Russian oligarchs’ children speak out against Vladimir Putin’s invasion of Ukraine

Putin’s favourite Russian team dropped a Ukrainian footballer who called for peace

Lamiat Sabin
Saturday 26 February 2022 15:19 GMT

Related video: What sanctions mean for Vladimir Putin and Russia’s oligarchs

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Some of the youngest members of Russia’s elite have broken ranks and spoken out against Vladimir Putin’s invasion of Ukraine.

The children of oligarchs and senior officials, as well as some Russian athletes, have condemned the military attack which has seen hundreds of Ukrainians killed, thousands seeking sanctuary in subways, and even more fleeing to neighbouring countries.

People hiding out in a subway station in Kyiv

Elizaveta Peskova, the 24-year-old daughter of Kremlin spokesman Dmitry Peskov, posted a black square on her Instagram Stories – with the caption “No to war!”

Instagram Stories typically stay live for 24 hours before they are automatically taken down, but she reportedly deleted it less than an hour after posting without giving a reason why.

Ms Peskova, who is vice president of the Foundation for the Development of Russian-French Historical Initiatives, appears to be close to her father as she has posted a number of pictures of them together.

On Friday, her father defended the arrests of thousands of protesters who had demonstrated in Russia against the invasion, by saying that such rallies “are not allowed by the law”.

Sofia Abramovich, daughter of Chelsea FC owner Roman Abramovich, shared a social media post saying Mr Putin’s actions were not supported by the majority of Russians.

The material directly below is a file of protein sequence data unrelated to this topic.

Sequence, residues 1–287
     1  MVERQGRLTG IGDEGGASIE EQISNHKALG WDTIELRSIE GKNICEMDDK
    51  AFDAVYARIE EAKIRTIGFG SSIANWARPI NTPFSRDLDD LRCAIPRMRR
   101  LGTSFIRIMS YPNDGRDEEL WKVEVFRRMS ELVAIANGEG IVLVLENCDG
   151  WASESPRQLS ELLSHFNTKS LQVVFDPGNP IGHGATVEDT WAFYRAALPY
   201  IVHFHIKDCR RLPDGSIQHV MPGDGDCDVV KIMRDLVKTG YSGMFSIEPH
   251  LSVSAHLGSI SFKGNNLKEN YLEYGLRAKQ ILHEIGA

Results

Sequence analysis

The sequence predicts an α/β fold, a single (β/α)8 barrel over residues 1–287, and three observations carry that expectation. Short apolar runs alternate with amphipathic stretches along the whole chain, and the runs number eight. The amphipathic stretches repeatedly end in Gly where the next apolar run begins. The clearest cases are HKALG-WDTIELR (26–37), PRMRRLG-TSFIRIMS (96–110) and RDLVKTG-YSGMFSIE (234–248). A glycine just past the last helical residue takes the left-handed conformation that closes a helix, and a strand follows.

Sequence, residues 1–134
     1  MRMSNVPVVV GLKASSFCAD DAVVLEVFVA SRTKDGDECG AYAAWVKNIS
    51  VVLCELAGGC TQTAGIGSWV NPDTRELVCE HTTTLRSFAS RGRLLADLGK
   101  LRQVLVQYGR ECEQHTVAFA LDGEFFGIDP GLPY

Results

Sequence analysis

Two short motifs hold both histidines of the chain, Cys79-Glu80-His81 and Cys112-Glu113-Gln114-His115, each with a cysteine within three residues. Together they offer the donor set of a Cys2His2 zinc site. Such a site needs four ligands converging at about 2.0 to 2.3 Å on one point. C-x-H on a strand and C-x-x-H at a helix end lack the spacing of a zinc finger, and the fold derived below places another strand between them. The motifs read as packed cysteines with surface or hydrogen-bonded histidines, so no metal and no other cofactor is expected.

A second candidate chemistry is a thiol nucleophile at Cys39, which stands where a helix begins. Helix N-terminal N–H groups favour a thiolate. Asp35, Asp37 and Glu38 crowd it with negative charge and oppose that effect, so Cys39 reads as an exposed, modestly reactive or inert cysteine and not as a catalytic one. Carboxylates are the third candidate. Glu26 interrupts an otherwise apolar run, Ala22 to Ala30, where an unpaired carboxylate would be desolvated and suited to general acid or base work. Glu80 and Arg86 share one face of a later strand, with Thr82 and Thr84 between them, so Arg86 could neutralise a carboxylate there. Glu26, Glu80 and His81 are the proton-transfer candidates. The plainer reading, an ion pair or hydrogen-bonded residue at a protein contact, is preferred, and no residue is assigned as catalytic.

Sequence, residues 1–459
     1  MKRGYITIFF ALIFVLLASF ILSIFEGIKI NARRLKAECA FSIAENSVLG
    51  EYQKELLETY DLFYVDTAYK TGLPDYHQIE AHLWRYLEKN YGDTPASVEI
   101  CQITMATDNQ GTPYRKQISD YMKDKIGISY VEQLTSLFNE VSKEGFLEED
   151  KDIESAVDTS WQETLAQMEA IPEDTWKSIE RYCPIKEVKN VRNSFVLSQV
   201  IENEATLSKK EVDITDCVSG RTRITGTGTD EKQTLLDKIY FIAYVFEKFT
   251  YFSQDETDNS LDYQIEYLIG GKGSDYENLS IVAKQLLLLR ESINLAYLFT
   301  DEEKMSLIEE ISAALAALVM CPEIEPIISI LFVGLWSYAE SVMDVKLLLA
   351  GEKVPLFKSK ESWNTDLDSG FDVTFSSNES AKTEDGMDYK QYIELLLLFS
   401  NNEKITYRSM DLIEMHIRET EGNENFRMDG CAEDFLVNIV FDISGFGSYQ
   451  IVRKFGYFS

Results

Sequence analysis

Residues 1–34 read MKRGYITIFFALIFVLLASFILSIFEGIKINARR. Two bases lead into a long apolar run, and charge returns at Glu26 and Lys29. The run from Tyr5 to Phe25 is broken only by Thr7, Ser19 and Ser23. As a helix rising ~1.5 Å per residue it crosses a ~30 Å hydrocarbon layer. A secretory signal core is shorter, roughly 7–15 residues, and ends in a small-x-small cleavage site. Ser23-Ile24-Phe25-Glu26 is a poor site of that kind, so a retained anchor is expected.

The 26-year-old professional show-jumper, who has lived and studied in London, wrote: “The biggest and most successful lie of Kremlin’s propaganda is that most Russians stand with Putin.”

Earlier this week, her billionaire father – who withdrew his UK Tier 1 investor visa application in 2018 – was named in a parliamentary debate by British MPs as one of 35 oligarchs identified as aiding Mr Putin’s “kleptocracy”. He denies having links to the Kremlin.

Maria Yumasheva, the granddaughter of Russia’s first post-Soviet president Boris Yeltsin and daughter of Mr Putin’s adviser Valentin Yumashev, tweeted: “No to war.”

The 19-year-old also attended an anti-war rally in London in solidarity with Ukrainians – according to a video that had been posted to her Instagram Stories.

Ms Yumasheva uploaded an image of a Ukrainian flag with the caption “no to war” and an emoji of a broken heart.

Her 32-year-old fiancé, Fedor Smolov, a footballer who plays for Russia and Dynamo Moscow, was reportedly the first national team player to speak out against Mr Putin’s actions.

Mr Smolov posted “no to war!!!” on his Instagram account using icons of Russian and Ukrainian flags.

Andrey Rublev, a 24-year-old Russian tennis player, wrote “no war please” on a TV camera with a blue pen after winning a match in Dubai on Friday.

Zenit St Petersburg, the football club Mr Putin supports, dropped Ukrainian defender Yaroslav Rakitskyi from the team on Thursday night after he shared an anti-war message on Instagram.

He posted an image of the Ukrainian flag, with the caption: “I’m Ukrainian! Peace to Ukraine! Stop the war! I’m Ukrainian!”

Protesters in St Petersburg after Russia’s invasion of Ukraine

Mass anti-war rallies have been held in a number of countries, including Russia where crowds of predominately young people risked arrest to demonstrate in Moscow and St Petersburg against the Kremlin.

Some 1,700 people have been arrested in dozens of cities across Russia since Mr Putin launched the invasion of Ukraine on Thursday.

The largest demo in Russia was reportedly in St Petersburg – Mr Putin’s home city.

Several hundred people gathered in the city centre on Friday, chanting “No to war!” as police in full riot gear detained a number of them.

At least 437 arrests were made in 26 Russian cities – including 226 in Moscow and 130 in St Petersburg – according to the rights group OVD-Info which tracks political arrests.

Some protesters compared Mr Putin to Hitler, writing “Adolf Putin” across buildings and in subways in St Petersburg.

Moscow woke up on Friday to discover “No to War” graffiti on the walls of multiple buildings, including on the front door of Russia’s parliament.

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